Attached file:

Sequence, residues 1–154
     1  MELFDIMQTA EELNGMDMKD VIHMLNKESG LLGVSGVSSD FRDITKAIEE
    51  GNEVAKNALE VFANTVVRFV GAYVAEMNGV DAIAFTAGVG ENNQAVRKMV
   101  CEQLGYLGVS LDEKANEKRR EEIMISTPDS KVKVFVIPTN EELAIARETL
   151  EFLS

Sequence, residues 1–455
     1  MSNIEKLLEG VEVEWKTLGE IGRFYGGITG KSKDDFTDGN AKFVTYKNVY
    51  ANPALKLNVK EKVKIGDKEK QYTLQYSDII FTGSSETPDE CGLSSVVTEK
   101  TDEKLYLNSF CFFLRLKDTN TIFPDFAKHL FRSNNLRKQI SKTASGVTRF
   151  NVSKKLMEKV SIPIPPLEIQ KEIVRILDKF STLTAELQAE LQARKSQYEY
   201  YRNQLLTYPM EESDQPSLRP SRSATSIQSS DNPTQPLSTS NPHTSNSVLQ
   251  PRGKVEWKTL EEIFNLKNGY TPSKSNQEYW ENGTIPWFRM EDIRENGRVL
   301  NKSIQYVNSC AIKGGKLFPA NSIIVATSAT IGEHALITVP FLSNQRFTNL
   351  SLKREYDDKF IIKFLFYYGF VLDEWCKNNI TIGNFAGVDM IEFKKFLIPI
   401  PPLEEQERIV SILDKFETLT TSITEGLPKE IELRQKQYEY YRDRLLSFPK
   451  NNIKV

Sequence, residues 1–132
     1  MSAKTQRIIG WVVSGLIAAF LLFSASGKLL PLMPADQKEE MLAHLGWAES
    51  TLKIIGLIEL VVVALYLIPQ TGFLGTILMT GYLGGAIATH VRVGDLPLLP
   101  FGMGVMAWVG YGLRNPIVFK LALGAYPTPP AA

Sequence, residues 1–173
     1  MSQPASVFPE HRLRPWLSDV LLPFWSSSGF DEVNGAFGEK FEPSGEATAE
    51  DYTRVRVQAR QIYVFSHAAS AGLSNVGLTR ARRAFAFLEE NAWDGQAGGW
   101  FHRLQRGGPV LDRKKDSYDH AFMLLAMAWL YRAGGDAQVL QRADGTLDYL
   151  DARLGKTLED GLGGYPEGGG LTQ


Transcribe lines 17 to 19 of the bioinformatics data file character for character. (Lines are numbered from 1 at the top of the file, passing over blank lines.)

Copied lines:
Sequence, residues 1–132
     1  MSAKTQRIIG WVVSGLIAAF LLFSASGKLL PLMPADQKEE MLAHLGWAES
    51  TLKIIGLIEL VVVALYLIPQ TGFLGTILMT GYLGGAIATH VRVGDLPLLP